Jeff Green | Aug 18, 2005
Feature Article - August 18, 2005
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Feature ArticleAugust 18, 2005
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The Line Fences Act and Rails to Trails
by Jeff Green
The Rails to Trails movement has been derailed in recent years by the application of Section 20 of the Line Fences Act, which requires that municipalities assume the entire cost of fencing trails along abandoned railway right of ways.
The provincial government, which supports the development of trails as part of their strategy for healthy living and rural economic development, commissioned a report by Wayne Caldwell on potential changes to Section 20 of the Line Fences Act.
Caldwell’s report, “The Line Fences Act and Abandoned Rail Right of Ways” was released at the end of March and has been making the rounds of municipal councils this summer.
Caldwell gathered together municipal officials and representatives of the agricultural community at two meetings in early March to see if there was a way around the impasse between the two groups over the requirement to fence municipally owned abandoned rail right of ways.
The agricultural community was the group of landowners living along these properties that was consulted because two farmers from southwestern Ontario had forced the issue in the first place.
Even though the Line Fences Act is a centuries-old document, it had not been specifically applied to the Rails to Trails initiatives until a court case took place. In the case of Caiser (and others) vs. Bayfield and Tilsonburg, the Ontario Supreme Court upheld Section 20, finding that the municipalities had an obligation to construct fences when requested by a landowner
A second case, Grosvernor (and others) vs. East Luther Grand Valley, is still before the courts. In this case, the municipality has passed a bylaw to designate an abandoned right of way as a “highway”. The Line Fences Act does not require the fencing of boundaries between highways and private lands. Neighbouring landowners are contesting this bylaw on the grounds that it specifically attempts to circumvent the Line Fences Act.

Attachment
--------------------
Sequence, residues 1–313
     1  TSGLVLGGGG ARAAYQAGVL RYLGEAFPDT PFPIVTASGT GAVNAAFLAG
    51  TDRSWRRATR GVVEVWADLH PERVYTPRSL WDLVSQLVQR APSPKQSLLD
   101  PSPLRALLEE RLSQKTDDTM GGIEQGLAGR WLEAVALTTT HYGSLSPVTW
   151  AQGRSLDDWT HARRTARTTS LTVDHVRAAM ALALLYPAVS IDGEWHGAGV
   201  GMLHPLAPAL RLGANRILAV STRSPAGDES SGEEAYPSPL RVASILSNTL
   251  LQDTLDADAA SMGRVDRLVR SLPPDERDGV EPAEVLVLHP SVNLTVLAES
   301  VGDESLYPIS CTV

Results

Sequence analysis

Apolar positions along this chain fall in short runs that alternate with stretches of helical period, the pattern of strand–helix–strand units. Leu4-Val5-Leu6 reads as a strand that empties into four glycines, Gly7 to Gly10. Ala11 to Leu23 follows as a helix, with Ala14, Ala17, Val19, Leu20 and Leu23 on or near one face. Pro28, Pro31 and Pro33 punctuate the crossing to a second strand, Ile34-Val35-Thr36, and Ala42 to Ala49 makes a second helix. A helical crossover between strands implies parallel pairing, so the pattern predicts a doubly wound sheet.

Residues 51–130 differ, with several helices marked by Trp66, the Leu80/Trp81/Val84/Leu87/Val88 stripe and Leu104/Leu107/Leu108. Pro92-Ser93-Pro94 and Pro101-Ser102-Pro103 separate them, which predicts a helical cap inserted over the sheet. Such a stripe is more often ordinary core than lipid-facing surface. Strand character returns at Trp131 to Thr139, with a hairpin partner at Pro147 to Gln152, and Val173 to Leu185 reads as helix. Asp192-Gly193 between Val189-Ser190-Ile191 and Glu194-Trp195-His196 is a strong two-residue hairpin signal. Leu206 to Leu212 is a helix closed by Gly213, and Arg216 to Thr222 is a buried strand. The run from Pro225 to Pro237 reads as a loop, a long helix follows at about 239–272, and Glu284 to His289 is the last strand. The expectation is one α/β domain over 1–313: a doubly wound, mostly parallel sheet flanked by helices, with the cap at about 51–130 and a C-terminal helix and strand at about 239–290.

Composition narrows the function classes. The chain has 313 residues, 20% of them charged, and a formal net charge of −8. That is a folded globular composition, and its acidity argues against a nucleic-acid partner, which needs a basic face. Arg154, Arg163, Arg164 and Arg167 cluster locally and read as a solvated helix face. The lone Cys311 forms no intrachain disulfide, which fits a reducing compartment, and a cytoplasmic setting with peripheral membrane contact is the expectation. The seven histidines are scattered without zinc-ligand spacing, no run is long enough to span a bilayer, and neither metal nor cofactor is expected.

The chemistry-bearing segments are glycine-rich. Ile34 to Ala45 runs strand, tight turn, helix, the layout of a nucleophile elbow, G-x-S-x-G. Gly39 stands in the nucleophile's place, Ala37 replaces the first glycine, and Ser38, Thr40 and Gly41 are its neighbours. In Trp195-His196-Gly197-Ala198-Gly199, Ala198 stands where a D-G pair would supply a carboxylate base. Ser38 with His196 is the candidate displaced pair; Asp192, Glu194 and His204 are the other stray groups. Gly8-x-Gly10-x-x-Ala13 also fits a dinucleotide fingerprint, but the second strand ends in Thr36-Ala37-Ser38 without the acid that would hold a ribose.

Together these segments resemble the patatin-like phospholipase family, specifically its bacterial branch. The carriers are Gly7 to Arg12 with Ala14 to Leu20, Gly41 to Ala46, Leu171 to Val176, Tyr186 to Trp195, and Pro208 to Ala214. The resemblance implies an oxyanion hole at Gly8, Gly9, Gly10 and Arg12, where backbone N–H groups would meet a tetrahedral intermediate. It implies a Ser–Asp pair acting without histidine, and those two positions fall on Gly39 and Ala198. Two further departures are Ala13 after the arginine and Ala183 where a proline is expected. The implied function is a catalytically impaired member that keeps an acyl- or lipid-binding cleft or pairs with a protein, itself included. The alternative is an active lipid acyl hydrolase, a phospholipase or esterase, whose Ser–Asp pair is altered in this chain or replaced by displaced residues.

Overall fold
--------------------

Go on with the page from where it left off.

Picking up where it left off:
While the report notes that it is strange that fencing was not required when these properties were active railways, but is required if they are to be converted into trails, it concludes that in the interest of farmers and others, fences will be required.
“While there may be arguments to the contrary, from an agricultural perspective the need for a fence adjacent to a trail may be greater than the need for a fence when it was an active railway,” the report says.
Some trail advocates, including Central Frontenac Councillor Bob Harvey, who was involved in the development of the Trans Canada Trail at Sharbot Lake, argue that municipalities should only be required to put up fences where trails are being developed adjacent to active farmland, and one of the report’s proposals would limit the requirement for fences to instances where trails abut agricultural land.
Caldwell’s report concludes that Section 20 of the Line Fences Act should remain intact. “The onus for fencing should continue to rest with the public authority,” it says.
The report includes a series of 20 options, which build from each other. Once it is established that the Section 20 of the Line Fences Act should remain in place, the rest of the options are designed to mitigate the potential costs to municipalities. They include establishing timelines for phased implementation of fencing requirements to minimise the impact on any single budget year. As well, one of options would allow for agreements between municipalities and landowners to forego the requirement for fencing where neither side sees a need.
While the report was written with a focus on the situation in south western Ontario and Grey and Bruce Counties, where there is prime agricultural land and the well-established Bruce Trail system, it cites the relationship between the Eastern Ontario Trails Alliance (EOTA) and the Hastings Federation of Agriculture as an example of a successful relationship between trail operations and farming.